The Minister of State is making a mistake by saying in one voice that he wishes to improve relations between different races and in another that he is making an exception by introducing a procedure to the courts which applies only to people of certain races. This is the mistake that those on the Labour Benches make over and over again. They do not understand that it does not need a lawyer to tell them what this is all about. It only needs an ordinary Member of Parliament, who has people come to see him on these subjects, to give the Minister the answer.

I can tell the hon. Gentleman that of all the people who have come to me and made representations believing that they have been discriminated against, I have not had one who on application to the Race Relations Commission has been successful in establishing that he has been discriminated against. For him now to say—[Interruption.] I do not know why Labour Members laugh. They should treat this as a serious matter.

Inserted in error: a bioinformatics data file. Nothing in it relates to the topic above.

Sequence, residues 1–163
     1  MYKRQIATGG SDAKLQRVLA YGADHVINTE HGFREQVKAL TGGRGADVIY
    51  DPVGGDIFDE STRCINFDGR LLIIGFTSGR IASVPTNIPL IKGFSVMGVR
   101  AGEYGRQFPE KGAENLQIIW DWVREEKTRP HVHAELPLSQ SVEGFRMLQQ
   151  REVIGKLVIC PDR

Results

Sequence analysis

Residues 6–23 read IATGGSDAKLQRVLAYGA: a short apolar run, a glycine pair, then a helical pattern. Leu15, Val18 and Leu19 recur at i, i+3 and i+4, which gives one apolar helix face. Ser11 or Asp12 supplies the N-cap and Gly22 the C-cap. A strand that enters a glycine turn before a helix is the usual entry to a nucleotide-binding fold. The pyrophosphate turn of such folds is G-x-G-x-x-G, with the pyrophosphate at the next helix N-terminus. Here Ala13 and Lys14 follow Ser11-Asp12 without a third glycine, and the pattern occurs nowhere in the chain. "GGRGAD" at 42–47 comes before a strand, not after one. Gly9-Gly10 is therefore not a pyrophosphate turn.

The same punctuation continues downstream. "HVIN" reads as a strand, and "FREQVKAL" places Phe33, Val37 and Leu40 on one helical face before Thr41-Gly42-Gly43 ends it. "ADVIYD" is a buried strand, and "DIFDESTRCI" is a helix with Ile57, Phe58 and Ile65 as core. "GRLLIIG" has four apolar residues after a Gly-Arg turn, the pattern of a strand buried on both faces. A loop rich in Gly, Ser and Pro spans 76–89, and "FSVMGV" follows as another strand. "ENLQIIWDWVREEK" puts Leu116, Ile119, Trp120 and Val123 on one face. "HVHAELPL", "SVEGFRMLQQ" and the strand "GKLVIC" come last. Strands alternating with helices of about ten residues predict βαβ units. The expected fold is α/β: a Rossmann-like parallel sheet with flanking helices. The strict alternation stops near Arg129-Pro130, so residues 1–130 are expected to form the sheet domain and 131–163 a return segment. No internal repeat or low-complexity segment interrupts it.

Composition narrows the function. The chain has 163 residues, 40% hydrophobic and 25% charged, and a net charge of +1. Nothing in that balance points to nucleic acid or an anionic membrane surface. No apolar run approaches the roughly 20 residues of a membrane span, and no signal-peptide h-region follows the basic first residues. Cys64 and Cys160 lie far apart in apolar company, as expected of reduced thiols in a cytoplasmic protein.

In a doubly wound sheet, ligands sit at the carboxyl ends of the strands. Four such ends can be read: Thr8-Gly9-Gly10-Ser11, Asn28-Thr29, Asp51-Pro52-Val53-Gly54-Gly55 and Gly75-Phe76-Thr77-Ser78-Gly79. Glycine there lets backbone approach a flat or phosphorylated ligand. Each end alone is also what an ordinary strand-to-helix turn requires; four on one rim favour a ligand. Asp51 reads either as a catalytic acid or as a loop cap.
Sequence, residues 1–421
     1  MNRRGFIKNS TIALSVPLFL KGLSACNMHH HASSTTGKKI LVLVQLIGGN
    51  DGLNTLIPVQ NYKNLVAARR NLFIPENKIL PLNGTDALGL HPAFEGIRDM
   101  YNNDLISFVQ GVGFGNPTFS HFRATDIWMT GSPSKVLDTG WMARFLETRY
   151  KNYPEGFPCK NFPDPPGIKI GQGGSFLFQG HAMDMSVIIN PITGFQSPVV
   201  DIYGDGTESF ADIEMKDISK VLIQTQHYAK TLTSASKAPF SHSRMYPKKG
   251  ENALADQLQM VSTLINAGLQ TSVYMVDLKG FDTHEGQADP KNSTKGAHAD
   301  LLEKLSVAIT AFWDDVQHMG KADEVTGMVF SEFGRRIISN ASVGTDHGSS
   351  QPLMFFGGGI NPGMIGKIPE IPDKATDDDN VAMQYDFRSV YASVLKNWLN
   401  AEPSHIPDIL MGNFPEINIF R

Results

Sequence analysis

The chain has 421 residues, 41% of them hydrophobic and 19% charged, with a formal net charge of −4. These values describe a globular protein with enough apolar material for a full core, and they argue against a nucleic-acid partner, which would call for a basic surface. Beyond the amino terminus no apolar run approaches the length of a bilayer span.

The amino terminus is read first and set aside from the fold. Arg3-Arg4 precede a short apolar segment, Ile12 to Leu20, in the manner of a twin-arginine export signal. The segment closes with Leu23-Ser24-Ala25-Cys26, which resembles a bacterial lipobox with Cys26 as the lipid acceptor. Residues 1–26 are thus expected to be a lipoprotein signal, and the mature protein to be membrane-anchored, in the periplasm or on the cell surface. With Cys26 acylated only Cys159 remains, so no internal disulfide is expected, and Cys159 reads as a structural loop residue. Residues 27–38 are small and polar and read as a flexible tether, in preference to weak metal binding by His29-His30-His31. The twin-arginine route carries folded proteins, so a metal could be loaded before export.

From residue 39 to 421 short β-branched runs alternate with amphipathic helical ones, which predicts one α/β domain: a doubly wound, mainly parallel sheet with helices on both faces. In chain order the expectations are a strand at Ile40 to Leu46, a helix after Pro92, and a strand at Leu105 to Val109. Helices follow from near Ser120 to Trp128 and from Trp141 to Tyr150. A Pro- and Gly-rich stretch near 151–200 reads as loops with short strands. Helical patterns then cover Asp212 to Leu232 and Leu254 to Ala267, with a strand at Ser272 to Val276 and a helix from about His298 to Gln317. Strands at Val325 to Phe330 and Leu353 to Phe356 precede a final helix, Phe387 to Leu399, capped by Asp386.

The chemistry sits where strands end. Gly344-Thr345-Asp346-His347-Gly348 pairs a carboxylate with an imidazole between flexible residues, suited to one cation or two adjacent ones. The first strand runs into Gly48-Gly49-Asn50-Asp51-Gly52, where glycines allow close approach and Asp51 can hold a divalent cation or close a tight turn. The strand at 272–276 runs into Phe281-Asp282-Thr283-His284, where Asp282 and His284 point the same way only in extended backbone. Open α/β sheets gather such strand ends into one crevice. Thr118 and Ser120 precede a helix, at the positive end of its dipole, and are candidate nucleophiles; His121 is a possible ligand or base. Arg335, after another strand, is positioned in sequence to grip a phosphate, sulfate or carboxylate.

When we reach the stage when we find that there are many who believe that they have been discriminated against but are subsequently found not to have been, these provisions will only give the impression to the indigenous population that discrimination decisions are being given in favour of immigrants and new arrivals as against the rest of the nation, and that those categories have a right in the courts that does not apply to others. That is something that the Government often forget. If they wish to improve race relations it is high time that they understoood that to make special provisions in favour of the non-indigenous population will only make matters worse.